This month, the Los Angeles County Museum of Art's film series "The Naked City: New York Noir and Neorealism" is highlighting the infusion of street photography and documentary edge into (mostly) crime films and melodramas.
On the one hand, it's a chance to see Hollywood's take on the postwar New York milieu that the young photojournalist Stanley Kubrick (whose exhibit continues at LACMA) documented along with key artists such as Weegee; on the other, it's a chance for Angelenos to revisit outstanding films noir and discover rarely screened masterworks.
First among the latter is The Thief (1952), showing Friday, Feb. 15 after Otto Preminger's mid-career Where the Sidewalk Ends (1950). The thief is a Washington D.C. physicist (Ray Milland) smuggling nuclear research through a foreign spy ring; when he learns the FBI is on his trail, he makes quick efforts to flee the country by way of The Big Apple.
While the premise (written by D.O.A.'s Clarence Greene and Russell Rouse, who also directed) isn't anything special, The Thief is gripping for an unusual reason: there isn't a scrap of dialogue in the entire film, a unique modus operandi for a sound feature.
It opens with a ringing phone, unanswered -- a code the conspirators use to communicate. The physicist's world of isolation and paranoia is both reflected and intensified by his mute surroundings. Notes are passed, photographs are taken, microfilm is traded and tensions mount through the film's careful mixture of visual and aural cues.
Rather than attempting to "justify" its lack of dialogue, the movie increasingly stretches its conceit, rendering personal interactions and even chases without a single blurted word. Less a typical noir than something resembling a European art film (Robert Bresson, I'm looking at you), it's a film that demands its own rules of engagement.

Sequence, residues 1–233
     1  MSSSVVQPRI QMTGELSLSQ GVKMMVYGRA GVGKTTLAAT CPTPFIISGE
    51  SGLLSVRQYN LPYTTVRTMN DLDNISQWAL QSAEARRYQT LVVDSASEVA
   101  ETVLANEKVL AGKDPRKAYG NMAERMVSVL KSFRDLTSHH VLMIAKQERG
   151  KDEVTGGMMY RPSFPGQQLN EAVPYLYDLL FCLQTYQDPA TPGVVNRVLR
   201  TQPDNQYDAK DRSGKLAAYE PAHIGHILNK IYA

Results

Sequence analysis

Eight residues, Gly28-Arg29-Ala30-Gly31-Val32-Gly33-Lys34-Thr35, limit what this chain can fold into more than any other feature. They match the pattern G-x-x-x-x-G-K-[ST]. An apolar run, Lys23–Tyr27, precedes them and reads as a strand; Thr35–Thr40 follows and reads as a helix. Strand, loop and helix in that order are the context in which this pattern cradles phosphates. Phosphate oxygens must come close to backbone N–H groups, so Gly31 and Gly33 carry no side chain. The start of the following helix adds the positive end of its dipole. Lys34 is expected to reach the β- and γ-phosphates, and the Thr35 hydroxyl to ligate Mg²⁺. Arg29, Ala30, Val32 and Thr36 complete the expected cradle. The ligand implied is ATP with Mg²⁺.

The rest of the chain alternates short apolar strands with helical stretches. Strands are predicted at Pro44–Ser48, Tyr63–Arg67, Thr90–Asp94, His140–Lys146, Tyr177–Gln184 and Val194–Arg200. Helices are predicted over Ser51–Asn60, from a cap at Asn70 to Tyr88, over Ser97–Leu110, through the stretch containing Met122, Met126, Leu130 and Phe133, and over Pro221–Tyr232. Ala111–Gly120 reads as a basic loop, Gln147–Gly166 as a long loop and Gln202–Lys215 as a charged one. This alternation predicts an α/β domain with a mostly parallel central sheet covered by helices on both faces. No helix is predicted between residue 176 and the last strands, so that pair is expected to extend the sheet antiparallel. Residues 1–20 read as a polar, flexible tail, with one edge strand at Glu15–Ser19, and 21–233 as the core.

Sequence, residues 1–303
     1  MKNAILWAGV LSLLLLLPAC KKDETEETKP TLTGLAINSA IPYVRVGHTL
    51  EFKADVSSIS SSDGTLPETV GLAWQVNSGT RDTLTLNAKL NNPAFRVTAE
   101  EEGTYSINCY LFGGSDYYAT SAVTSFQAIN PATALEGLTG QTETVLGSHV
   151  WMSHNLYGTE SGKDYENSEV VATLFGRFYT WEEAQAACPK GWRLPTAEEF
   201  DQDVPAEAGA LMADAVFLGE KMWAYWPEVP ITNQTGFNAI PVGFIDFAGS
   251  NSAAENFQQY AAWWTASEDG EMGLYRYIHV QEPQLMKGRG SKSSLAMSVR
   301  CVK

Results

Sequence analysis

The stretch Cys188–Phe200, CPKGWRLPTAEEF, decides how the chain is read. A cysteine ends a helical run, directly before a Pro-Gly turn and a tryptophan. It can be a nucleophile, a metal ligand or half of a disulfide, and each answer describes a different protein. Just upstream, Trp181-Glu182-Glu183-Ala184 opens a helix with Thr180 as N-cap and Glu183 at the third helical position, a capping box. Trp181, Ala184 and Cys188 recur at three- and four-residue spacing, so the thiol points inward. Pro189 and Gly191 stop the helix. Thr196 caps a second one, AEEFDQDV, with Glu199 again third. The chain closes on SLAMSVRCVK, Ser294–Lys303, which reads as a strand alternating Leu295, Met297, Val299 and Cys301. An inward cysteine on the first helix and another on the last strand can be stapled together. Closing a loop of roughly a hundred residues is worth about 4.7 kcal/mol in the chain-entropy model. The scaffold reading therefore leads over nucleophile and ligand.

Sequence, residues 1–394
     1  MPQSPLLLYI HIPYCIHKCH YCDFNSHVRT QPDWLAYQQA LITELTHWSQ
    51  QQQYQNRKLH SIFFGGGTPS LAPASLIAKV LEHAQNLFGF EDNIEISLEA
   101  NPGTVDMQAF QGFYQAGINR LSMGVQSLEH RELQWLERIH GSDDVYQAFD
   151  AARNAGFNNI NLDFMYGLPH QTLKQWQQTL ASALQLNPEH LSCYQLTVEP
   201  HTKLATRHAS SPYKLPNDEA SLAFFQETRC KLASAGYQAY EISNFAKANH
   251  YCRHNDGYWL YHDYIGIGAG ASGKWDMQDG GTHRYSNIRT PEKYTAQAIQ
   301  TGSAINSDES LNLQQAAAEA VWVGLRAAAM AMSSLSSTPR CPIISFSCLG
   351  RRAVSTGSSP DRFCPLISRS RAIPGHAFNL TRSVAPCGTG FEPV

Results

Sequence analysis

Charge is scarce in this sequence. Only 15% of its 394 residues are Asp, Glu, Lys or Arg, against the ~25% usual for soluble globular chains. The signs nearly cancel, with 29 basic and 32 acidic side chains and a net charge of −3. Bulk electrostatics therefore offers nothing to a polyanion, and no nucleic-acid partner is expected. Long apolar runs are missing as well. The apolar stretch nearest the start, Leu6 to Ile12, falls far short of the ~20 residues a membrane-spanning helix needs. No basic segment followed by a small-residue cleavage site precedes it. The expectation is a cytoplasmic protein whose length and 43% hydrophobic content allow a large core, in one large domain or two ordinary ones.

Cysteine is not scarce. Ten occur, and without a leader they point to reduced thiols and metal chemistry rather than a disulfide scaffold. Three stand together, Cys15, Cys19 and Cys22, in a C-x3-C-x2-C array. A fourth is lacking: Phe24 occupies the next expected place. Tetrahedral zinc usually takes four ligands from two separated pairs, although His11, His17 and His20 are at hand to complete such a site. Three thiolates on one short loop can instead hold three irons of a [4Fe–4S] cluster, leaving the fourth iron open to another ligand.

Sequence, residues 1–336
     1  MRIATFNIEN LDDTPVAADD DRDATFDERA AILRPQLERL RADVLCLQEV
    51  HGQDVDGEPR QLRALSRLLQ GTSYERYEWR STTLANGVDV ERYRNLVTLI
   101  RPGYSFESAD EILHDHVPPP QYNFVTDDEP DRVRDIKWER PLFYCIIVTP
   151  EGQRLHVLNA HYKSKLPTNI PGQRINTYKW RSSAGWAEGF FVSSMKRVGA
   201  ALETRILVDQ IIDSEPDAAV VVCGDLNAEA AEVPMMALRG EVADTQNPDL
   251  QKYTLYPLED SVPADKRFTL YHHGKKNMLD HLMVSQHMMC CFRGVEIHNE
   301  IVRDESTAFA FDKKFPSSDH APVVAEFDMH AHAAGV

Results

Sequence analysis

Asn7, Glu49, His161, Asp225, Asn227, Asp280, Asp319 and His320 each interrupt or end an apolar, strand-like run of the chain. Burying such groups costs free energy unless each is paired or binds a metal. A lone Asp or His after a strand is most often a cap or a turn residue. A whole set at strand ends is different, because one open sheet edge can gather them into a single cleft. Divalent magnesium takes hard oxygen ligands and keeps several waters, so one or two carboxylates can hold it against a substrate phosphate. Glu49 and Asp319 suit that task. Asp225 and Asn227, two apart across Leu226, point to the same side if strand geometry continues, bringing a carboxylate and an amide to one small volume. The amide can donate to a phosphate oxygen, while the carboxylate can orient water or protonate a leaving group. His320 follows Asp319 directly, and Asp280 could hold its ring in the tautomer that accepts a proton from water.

On Saturday, Feb. 16, two uncommonly sensitive movies tap into the perspectives of their child protagonists. First up is Little Fugitive (1953), a landmark indie production about a seven-year-old Brooklynite who, tricked into thinking that he harmed his older brother, runs away to wander the crowded beaches and amusements of Coney Island.
Photojournalist Morris Engel (who learned filmmaking by assisting Paul Strand on his classic docudrama Native Land) used a custom-built, handheld 35mm camera to shoot the movie, which was edited by his wife, Ruth Orkin; the sporadic dialogue was post-synched, Italian neorealist-style.
It became a European sensation, winning the Silver Lion at the Venice Film Festival, and it made a strong impression on the budding French New Wave, and it's easy to see why. With the slimmest scenario as framework, the film candidly captures the everyday beauty of a boy exploring his world, learning its rules as he fearlessly attempts to discover his place in it.
The Window (1949) follows with an intense, Oscar-winning performance by child star Bobby Driscoll as an imaginative boy prone to telling fibs. When he sleeps on the fire escape to beat the heat, he witnesses a murder that his well-meaning parents later dismiss as a fabrication. Director Ted Tetzlaff (a cinematographer of distinction) not only builds exquisite suspense as the story evolves, but also strikes just the right tone between a child's earnestness and the dangers lurking behind the facades of the adult world.
Though it's not a standard in the noir repertory, it deserves to be, especially as a companion piece to titles such as The Fallen Idol or The Night of the Hunter that also pivot around the messy intersection of juvenile and adult perspectives. It shirks the theatricality of the former and the phantasm of the latter to offer a surprisingly concrete portrait of mid-century New York tenements, working class communities strewn with laundry and dilapidated architecture; its climactic chase through a crumbling building qualifies it as a "rubble film" and suggests an affinity with classic European films shot in the detritus of World War II.
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